Grant: $281,750 - National Institutes of Health - Apr. 30, 2009
0% voted satisfied - 100% voted not satisfied - 1 vote(s) cast
Award Description: Relationship of MRI to ASIA Impairment Scale in Chronic Spinal Cord Injury. The objective of this investigation is two-fold: 1) to add to the classification value of the American Spinal Injury Association (ASIA) Impairment Scale by establishing imaging criteria for chronic spinal cord injury (SCI), 2) to use advanced MR imaging techniques as tools to understand the structural variables that contribute to residual neurological function and the capacity for recovery. A preserved rim of white matter at the injury epicenter characterizes SCI pathology, and the integrity of this tissue determines the amount of preserved function. High resolution imaging is necessary to visualize the subtle structural differences that are responsible for differing levels of function both at the site of and distal to the injury epicenter. Spinal cord imaging is complicated by the small size of the cord, interference from surrounding bone, respiratory and cardiovascular related motion and cerebrospinal fluid pulsation artifacts. Recently, investigators at the F.M. Kirby Research Center for Functional Brain Imaging at Kennedy Krieger Institute have successfully used Diffusion Tensor Imaging (DTI) and Magnetization Transfer (MT) to visualize over sixty injured spinal cords. These imaging techniques are of sufficient resolution and quality to correlate DTI- and MT-derived metrics sensitive to white matter disruption with neurological function in chronic SCI. We address the specific hypothesis that neurological function/deficit clinically defined through the ASIA criteria is related to disordered white matter pathways in persons with chronic SCI through tract specific DTI-derived metrics such as: fractional anisotropy (FA), average diffusion coefficient (MD), parallel and perpendicular eigenvalues (?|| and ??) and MTCSF (magnetization transfer weighted image normalized by cerebrospinal fluid), but not conventional T1- and T2- weighted imaging. One hundred and twenty individuals divided amongst four ASIA classes (ASIA A-C and E) will be imaged using conventional (T1, T2) and advanced (DTI, MT) MRI techniques. The integrity of white matter both at the site of and distal to the epicenter of the lesion in these subjects will be defined in a tract specific manner using DTI and MT and will be tested for relationships to ASIA clinical classification and neurological motor and sensory testing (Aim1) and to quantitative vibration threshold sensory testing (Aim2).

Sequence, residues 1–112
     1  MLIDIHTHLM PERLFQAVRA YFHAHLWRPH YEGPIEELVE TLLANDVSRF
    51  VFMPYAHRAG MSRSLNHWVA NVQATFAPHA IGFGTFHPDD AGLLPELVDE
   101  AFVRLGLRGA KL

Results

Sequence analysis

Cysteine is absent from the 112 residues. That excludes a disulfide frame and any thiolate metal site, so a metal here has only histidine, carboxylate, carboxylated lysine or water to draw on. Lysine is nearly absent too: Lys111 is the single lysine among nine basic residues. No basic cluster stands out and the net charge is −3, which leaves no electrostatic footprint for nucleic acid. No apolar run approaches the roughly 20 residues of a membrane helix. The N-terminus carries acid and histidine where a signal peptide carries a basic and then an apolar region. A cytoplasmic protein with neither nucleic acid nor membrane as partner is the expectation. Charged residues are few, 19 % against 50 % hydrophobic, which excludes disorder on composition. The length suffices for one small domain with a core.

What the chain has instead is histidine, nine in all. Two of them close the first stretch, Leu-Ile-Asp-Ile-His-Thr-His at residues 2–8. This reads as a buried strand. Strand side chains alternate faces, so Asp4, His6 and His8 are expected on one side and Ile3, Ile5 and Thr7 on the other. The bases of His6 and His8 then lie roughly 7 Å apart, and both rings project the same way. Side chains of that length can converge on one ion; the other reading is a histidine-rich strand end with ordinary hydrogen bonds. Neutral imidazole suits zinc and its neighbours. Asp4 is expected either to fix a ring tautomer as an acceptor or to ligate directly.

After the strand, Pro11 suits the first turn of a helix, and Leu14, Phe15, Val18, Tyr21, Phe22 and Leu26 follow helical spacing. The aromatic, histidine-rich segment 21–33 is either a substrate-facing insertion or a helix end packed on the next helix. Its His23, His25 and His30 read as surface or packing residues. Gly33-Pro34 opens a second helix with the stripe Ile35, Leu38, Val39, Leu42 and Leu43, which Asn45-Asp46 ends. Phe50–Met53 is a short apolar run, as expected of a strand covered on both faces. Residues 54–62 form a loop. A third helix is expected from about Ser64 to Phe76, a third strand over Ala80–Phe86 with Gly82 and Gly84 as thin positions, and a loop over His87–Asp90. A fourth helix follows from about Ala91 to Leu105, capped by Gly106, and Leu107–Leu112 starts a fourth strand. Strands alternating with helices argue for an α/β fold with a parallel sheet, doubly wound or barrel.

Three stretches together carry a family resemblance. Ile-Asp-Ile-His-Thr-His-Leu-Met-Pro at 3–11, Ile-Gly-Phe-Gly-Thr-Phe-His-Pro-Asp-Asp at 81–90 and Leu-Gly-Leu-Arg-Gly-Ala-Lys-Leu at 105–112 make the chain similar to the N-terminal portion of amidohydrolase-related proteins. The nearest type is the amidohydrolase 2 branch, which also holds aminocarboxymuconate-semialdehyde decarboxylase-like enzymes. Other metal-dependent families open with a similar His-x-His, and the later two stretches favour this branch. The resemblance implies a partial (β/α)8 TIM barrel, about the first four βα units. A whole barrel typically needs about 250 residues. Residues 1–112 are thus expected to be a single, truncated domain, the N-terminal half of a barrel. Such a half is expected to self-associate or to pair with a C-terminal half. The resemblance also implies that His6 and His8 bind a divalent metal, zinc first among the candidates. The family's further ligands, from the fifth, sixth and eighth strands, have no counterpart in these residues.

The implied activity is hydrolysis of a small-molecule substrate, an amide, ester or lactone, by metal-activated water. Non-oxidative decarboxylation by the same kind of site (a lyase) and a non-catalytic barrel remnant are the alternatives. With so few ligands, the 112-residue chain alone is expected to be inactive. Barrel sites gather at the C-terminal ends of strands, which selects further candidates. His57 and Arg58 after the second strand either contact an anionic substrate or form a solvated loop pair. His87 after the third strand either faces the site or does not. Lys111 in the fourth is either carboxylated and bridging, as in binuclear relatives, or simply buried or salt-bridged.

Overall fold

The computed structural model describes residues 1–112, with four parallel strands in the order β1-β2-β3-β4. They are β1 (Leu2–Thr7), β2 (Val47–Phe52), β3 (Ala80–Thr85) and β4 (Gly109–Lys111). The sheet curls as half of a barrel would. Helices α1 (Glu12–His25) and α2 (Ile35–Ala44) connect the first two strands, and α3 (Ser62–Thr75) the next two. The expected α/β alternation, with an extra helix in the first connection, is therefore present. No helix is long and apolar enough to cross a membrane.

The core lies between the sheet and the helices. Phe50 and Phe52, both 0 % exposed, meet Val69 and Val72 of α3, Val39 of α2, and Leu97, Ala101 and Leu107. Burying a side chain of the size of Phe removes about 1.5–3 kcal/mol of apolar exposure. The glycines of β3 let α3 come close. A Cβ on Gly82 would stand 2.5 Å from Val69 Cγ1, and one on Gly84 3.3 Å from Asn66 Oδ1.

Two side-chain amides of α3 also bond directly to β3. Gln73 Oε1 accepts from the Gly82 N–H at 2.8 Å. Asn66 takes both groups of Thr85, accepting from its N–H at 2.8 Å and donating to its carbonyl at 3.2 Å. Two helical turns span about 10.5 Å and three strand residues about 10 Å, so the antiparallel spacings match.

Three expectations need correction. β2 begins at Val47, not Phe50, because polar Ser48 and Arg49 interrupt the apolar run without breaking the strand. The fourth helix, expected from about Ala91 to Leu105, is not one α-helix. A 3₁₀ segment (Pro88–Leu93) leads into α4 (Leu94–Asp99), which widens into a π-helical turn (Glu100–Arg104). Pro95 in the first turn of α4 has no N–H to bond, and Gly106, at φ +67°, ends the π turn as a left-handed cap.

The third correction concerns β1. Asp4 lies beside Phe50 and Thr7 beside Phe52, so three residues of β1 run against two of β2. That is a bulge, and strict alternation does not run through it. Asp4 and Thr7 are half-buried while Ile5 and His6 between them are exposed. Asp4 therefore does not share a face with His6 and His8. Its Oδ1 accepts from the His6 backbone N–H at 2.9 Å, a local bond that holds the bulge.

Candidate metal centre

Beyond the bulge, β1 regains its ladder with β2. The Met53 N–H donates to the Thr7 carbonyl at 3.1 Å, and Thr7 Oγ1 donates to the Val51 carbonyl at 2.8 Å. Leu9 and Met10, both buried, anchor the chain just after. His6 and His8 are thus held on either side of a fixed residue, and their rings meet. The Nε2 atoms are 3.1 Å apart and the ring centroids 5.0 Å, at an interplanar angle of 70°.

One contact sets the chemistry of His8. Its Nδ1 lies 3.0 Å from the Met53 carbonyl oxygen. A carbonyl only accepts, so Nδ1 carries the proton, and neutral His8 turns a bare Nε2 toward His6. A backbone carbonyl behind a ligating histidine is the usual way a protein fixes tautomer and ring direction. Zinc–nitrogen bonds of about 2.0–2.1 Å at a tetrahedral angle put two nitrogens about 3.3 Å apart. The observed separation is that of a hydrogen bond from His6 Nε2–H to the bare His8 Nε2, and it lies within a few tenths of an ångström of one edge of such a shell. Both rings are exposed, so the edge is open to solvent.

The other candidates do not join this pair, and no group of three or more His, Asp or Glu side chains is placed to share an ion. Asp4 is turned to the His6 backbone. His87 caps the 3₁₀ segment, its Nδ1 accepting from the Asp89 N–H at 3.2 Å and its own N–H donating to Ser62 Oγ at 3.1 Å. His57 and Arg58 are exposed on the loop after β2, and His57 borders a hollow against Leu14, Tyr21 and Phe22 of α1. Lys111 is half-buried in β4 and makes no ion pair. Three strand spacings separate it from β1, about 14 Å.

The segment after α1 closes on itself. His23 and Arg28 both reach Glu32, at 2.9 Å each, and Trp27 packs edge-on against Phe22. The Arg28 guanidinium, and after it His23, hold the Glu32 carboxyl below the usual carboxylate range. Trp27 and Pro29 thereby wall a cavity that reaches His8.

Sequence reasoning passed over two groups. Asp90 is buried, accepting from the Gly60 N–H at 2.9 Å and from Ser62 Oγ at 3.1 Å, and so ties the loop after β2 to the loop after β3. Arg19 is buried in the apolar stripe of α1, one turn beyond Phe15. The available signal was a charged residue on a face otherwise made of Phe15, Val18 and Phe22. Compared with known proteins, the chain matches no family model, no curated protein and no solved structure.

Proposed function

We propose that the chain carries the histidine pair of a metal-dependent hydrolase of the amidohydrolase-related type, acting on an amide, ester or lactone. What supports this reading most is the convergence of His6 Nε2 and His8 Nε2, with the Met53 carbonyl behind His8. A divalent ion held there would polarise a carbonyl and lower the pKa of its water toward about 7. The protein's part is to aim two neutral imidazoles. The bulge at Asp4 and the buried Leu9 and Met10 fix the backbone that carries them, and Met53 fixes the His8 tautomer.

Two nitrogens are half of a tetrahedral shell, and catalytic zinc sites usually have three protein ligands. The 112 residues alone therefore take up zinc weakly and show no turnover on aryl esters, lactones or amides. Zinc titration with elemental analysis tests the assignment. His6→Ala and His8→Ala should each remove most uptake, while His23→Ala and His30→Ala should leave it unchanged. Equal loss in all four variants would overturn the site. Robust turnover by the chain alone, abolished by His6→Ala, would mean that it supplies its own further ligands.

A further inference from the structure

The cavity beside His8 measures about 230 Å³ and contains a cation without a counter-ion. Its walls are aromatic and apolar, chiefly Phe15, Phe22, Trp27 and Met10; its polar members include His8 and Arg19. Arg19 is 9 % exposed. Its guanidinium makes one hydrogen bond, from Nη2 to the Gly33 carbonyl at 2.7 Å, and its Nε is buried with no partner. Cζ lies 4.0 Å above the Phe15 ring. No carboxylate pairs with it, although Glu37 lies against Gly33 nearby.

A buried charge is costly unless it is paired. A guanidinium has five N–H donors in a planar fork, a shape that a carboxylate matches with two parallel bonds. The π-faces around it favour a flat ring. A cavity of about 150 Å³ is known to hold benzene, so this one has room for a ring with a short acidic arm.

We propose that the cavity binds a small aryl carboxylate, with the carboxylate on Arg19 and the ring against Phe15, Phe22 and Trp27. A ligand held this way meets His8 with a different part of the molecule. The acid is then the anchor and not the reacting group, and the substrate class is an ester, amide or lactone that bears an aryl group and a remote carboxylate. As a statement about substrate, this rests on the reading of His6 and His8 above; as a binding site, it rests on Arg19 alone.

Project Description: This work is accepted for publication in NMR in Biomed. We demonstrate a combined MT and DTI analysis of the cervical spinal cord (SC) at 3T. DTI-reconstructed tractograms of the large columns (dorsal, lateral) of the cervical cord were obtained and overlaid on the quantitative images derived from MT and DTI: i.e. tract profiles. Finally, this study detailed the variability and differences between raters and times with the thrust of benchmarking expected variability for longitudinal and clinical studies utilizing MT and DTI in the cervical cord 1. Currently, no tract-derived, individual column MTCSF and DTI quantities are available in the literature for comparison with our results, but whole-cord values 2 and ROI based examination of the MTCSF value in the columns of the spinal cord have been reported 3. Our column-specific measurements of ?|| are at the high end of the previously reported whole-cord range; our ?? measurements are in the middle of the reported range. The column-specific MD is in the middle of the whole-cord range, whereas the measured FA values are at the higher end of the whole-cord range. The indices that we studied didn’t show differences between the lateral and dorsal columns. For the MTCSF imaging method, this is justified by the fact that on average, the dorsal and lateral columns contain approximately the same amount of myelin per voxel. In regard to diffusion indices this sensitivity is mitigated by methodological limitations. These experiments use a relatively low b-value for diffusion weighting to minimize signal attenuation in a strongly restricted environment such as the cord. It is hypothesized that a tract-specific study of diffusion over a wider range of b-values will demonstrate the microstructural differences that are known to exist histologically between the two columns 1. Following this publication, we have scanned and processed data from 8 SCI subject (2 ASIA A, 3 ASIA C, and 3 ASIA D).
Jobs Summary: The Recovery Act funds awarded in this grant enabled the Institute to retain the following position: Research Coordinator IV. This position directs and performs research projects related to regeneration of the injured spinal cord following cell transplantation and functional electrical stimulation. (Total jobs reported: 1)
Project Status: Less Than 50% Completed
This award's data was last updated on Apr. 30, 2009. Help expand these official descriptions using the wiki below.